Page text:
Category Archives: 17th Century history

Gout and the political career of Lord Broghill

Today’s blog from Dr Patrick Little of the Commons 1640-1660 Section sees the return of our focus on health, medicine and Parliament. Patrick discusses the detrimental effect of gout on the career of Lord Broghill in the mid-seventeenth century… Roger … Continue reading

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Dudley North, 3rd Lord North and the discovery of the waters of Tunbridge Wells

As part of our focus on health and medicine, Dr Ben Coates of the Lords 1604-29 Section considers the origins of the famous spa at Tunbridge Wells, Kent, and ponders whether the parliamentary context might shed light on the date … Continue reading

Posted in 17th Century history, Early modern history, Health and Medicine, James I to Restoration, social history | Tagged , , , | 1 Comment

Becoming a citizen: naturalizations and denizations in the seventeenth century

In the context of discussion both of ‘the Windrush generation’ and the citizenship aspects of the Brexit negotiation, Dr Vivienne Larminie of the House of Commons 1640-1660 section and co-editor of the ‘James I to Restoration’ blog page, discusses the … Continue reading

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Parliament and St George’s Day in the early seventeenth century

Following previous blogs to mark St David’s Day and St Patrick’s Day, Dr Paul Hunneyball of the Lords 1604-1629 Section discusses the near-disappearance of the celebration of St George’s Day in the aftermath of Reformation legislation.  For peers who belonged … Continue reading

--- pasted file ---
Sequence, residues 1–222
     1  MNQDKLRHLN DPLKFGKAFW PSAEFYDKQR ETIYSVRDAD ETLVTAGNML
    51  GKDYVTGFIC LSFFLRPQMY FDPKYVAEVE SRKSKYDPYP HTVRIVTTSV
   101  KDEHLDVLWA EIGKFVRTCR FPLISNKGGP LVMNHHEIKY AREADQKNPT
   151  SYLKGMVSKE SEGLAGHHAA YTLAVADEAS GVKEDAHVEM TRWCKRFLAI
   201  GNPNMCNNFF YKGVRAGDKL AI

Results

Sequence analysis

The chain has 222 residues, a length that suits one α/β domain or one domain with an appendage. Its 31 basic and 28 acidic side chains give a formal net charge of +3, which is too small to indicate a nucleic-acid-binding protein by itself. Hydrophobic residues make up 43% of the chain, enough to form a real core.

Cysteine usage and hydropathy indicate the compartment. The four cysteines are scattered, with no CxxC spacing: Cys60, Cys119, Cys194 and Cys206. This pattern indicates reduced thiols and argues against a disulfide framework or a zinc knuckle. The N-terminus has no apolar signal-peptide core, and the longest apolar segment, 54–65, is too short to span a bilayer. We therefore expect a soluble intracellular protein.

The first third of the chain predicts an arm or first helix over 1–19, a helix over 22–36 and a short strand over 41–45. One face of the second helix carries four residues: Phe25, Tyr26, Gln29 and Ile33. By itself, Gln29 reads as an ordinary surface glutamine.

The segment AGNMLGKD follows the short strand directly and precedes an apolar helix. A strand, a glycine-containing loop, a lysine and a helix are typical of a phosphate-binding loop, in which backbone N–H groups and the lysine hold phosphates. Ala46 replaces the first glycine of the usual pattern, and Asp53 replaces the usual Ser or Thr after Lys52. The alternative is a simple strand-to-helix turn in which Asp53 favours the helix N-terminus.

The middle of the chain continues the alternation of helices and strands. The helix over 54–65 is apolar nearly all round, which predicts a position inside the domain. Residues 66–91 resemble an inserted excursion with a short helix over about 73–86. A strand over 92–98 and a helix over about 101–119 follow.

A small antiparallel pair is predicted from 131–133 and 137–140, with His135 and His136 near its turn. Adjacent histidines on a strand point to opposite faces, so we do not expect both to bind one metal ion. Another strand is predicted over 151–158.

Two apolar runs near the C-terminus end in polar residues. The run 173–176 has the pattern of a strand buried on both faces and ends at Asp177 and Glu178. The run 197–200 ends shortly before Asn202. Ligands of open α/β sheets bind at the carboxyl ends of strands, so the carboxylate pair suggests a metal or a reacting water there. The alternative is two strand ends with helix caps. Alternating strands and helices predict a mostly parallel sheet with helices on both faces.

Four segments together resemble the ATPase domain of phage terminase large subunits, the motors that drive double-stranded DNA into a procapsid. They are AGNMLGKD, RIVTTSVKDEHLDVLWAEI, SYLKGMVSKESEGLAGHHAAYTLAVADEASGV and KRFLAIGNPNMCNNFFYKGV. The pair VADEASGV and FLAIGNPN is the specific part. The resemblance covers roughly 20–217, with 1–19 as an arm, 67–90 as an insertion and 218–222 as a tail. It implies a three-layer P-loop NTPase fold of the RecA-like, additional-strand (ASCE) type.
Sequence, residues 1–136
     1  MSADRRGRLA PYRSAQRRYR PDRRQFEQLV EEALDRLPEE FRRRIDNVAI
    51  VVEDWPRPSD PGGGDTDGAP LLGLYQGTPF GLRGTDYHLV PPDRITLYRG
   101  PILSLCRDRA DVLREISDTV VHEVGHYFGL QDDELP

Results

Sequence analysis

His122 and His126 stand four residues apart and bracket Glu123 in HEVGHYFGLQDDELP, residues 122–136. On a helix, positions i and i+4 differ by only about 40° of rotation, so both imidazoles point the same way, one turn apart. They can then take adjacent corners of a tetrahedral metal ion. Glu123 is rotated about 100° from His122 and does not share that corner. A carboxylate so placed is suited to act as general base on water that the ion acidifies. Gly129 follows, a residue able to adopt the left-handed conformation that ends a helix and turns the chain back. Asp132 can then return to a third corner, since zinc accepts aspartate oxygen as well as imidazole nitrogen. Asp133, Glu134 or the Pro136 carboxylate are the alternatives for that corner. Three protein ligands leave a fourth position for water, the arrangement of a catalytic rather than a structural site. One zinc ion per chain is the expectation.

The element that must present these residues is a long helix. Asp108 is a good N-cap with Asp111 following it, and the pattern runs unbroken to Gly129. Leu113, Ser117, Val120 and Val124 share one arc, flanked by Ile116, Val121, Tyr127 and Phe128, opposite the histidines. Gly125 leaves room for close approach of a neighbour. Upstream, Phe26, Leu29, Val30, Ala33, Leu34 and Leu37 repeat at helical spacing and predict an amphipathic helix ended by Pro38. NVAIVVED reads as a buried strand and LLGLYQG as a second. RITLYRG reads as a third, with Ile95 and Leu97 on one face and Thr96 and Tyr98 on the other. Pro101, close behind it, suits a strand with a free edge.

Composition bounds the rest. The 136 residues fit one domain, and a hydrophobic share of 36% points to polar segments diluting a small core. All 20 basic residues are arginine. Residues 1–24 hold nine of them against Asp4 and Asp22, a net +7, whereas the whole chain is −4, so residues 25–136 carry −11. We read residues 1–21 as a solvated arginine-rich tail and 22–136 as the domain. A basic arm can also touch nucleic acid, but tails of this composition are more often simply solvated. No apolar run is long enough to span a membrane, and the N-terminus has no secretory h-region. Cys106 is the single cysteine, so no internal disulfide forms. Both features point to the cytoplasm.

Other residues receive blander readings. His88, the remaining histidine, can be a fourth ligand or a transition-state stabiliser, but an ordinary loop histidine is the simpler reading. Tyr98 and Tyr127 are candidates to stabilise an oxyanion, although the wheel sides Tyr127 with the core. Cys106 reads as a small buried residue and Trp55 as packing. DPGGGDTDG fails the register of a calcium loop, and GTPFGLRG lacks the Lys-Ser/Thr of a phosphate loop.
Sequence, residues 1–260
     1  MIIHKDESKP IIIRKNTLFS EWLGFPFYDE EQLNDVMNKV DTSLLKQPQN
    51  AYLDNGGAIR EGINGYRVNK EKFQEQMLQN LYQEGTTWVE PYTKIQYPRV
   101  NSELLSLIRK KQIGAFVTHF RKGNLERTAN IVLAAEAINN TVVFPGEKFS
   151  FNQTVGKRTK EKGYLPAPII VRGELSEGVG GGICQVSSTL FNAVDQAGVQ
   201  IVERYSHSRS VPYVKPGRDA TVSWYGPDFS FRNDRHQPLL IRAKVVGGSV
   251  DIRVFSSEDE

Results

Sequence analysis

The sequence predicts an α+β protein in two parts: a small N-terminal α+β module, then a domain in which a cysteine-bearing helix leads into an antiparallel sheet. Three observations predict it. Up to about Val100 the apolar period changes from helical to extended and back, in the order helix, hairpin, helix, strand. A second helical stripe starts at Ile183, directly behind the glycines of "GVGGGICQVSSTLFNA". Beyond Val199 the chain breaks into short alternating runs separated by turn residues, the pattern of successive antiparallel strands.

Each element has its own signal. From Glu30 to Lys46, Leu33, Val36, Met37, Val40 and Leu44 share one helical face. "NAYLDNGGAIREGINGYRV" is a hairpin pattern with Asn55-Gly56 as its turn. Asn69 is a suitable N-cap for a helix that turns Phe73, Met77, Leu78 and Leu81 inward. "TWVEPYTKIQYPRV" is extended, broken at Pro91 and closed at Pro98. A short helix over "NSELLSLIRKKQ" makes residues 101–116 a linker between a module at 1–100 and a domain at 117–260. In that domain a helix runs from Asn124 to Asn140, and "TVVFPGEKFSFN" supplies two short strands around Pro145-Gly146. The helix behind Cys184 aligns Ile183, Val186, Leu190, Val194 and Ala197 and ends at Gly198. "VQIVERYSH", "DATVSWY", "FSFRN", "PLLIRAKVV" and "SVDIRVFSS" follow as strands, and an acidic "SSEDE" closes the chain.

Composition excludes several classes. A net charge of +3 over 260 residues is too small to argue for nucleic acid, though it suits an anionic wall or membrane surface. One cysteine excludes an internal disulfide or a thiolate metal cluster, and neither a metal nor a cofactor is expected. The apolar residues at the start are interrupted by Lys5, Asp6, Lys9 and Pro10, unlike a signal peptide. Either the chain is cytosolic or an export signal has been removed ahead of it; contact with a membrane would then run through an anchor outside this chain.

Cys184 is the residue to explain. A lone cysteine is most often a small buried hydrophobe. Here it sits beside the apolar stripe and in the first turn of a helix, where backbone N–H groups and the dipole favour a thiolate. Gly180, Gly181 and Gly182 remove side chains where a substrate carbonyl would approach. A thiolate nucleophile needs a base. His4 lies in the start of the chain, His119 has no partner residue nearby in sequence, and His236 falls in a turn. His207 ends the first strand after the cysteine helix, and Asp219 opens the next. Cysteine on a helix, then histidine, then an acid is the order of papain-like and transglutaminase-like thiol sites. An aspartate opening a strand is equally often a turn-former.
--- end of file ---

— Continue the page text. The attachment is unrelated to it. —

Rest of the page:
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Women Petitioners and The Parlament of Women

As part of our Women and Parliament blog series to mark the centenary of the first women gaining the vote in 1918, this week we hear from Assistant Editor of the Commons 1640-1660 project, Dr Vivienne Larminie. She describes a … Continue reading

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MPs as art collectors in the 1650s

As the Royal Academy’s Charles I: King and Collector exhibition comes to a close, Andrew Barclay, Senior Research Fellow with the Commons 1640-1660 Section, considers how a number of the king’s paintings passed into the collections formed by MPs of … Continue reading

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Public Petitioning and Parliament, 1689-1760

Today’s blog from Philip Loft, currently a British Academy Postdoctoral Fellow at the University of Cambridge, is part of our week of social media activity about all things petitioning, protest and franchise reform. This is ahead of our public event on the … Continue reading

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